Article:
Other entertainment industries use short-term personal service agreements rather than option agreements. For example, film studios often contract with actors, directors, screenwriters, and other creative artists on a one-film basis. Short-term agreements allow studios to avoid paying guaranteed fees to artists whose market might dissipate overnight. In the early days of the film industry, studios bound stars to long-term agreements. That system changed in the 1940s, when certain stars demanded fees that were higher than studios were willing to pay. Those stars then demanded, and received, one-film contracts for their services, which became the standard. The television industry, on the other hand, still uses long-term agreements for its talent in many areas.
Litigation over personal service agreements is common in the entertainment industry. Often, an artist who is relatively unknown is willing to enter into an agreement that drastically favors the company with which he or she is signing. Once the artist achieves success and sees the profits that the company is making from his or her services, the artist may demand higher fees or ROYALTIES, or to be released from the contract. Conflicts such as this often end up in court, where companies often demand that the court order that the artist not perform for anyone else while the contract is in dispute. (This type of order is known as a negative injunction.) Whether the contract will be enforced and the artist required to perform under the agreement is usually determined by whether the contract meets certain legal requirements based on the state laws that govern it.
Contract for Rights Another primary type of contract in the entertainment industry is the contract for rights. This contract often involves a transfer of COPYRIGHT ownership or a license to use certain creative property (e.g., a song or photo).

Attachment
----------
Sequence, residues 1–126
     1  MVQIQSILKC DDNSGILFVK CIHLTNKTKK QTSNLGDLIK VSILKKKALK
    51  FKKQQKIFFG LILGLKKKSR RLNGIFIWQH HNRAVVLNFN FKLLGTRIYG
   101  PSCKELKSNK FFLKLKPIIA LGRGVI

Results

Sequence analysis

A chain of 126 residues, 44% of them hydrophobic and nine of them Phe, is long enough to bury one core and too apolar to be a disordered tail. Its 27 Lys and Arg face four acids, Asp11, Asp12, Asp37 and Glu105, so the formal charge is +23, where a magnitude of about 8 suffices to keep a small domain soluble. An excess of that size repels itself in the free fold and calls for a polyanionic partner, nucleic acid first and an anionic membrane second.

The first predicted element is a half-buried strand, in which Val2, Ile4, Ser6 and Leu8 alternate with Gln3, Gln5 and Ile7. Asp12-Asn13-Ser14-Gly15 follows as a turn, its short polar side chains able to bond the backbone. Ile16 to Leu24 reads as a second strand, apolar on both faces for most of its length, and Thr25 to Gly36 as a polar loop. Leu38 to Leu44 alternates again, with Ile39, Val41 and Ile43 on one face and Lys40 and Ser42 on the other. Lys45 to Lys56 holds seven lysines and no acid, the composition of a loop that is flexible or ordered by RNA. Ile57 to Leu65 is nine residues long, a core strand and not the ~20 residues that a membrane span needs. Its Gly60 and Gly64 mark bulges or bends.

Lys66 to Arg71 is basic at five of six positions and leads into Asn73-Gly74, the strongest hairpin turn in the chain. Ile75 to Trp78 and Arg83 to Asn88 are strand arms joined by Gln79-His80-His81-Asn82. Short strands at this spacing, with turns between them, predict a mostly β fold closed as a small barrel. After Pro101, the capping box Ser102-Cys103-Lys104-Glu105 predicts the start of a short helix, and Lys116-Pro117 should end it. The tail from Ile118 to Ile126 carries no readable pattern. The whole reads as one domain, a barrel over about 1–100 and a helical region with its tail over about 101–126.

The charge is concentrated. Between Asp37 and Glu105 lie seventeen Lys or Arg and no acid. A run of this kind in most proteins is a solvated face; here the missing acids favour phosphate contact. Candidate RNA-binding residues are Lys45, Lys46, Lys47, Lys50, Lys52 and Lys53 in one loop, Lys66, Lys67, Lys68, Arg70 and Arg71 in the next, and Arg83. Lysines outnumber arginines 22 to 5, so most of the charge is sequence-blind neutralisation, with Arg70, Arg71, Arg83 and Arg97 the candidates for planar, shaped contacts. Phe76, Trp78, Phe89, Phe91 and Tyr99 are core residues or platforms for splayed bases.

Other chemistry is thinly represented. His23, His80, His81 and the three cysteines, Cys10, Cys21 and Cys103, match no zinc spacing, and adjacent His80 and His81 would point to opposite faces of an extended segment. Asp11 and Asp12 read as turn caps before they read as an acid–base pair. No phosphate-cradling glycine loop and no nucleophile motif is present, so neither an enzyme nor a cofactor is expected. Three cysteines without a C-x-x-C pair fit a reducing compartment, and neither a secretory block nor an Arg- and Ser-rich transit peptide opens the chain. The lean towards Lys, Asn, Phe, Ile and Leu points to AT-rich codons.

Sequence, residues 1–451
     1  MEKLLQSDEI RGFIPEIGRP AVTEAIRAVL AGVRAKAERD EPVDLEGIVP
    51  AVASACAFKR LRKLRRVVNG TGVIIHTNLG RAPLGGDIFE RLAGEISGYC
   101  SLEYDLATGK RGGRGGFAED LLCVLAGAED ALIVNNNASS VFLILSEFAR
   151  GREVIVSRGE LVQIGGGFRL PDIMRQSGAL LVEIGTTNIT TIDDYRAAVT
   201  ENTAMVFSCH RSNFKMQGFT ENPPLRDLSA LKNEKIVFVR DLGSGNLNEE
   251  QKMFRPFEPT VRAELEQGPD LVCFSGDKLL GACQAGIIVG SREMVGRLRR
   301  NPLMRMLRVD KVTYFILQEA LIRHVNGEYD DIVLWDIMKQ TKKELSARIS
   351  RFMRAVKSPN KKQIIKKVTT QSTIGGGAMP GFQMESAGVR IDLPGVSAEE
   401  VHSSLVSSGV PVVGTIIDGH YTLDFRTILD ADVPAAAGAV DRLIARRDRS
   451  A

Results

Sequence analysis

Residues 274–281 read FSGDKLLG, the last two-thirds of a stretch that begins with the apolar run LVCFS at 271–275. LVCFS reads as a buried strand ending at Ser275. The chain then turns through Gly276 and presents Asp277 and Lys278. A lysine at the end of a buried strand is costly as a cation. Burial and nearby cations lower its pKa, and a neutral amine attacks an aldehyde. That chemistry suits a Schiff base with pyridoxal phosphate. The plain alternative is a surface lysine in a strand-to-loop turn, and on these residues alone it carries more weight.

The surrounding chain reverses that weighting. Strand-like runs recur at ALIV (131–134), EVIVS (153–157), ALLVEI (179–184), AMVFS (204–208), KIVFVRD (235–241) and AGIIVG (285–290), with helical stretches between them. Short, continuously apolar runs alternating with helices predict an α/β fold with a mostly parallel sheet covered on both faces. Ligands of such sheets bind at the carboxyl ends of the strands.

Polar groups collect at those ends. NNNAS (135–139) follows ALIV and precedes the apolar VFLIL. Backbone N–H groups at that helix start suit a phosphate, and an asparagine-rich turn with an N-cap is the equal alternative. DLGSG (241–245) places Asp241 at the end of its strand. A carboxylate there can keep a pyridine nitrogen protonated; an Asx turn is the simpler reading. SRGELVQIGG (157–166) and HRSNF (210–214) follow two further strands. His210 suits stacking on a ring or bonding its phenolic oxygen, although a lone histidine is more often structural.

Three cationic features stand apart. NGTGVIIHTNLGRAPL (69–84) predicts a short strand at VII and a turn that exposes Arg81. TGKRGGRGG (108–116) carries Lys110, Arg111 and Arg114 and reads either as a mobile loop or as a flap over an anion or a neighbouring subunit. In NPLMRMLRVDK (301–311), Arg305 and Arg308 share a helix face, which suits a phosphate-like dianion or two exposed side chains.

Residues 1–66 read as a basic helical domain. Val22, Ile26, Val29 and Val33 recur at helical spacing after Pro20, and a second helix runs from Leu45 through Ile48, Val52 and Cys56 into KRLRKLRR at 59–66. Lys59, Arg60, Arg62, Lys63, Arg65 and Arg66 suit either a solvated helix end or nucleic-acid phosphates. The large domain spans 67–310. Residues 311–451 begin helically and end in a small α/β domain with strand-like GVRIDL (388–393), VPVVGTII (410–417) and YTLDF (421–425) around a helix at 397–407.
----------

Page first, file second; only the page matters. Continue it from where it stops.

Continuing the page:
Many times, a contract for rights is combined with a personal service agreement. The agreement often will state that any work created by the artist during the term of the agreement is considered a work for hire. The company with whom the artist has contracted often receives automatic ownership of the copyright to a work for hire. For a work for hire to exist, the artist must either be an employee of the company or create the work pursuant to a valid written
agreement—and even then, the work must fall within a few specific categories defined by copyright law.
A license is a contract through which the artist or copyright holder grants certain rights to another party and promises not to sue them for certain activities. For instance, a novelist might grant a license to a film studio to create a screenplay based on a novel. A license specifies the fee or royalty to be paid to the artist, the exact scope of use of the copyrighted material, and the time period for which the company may use the material, as well as any other conditions that the parties agree to attach to the license.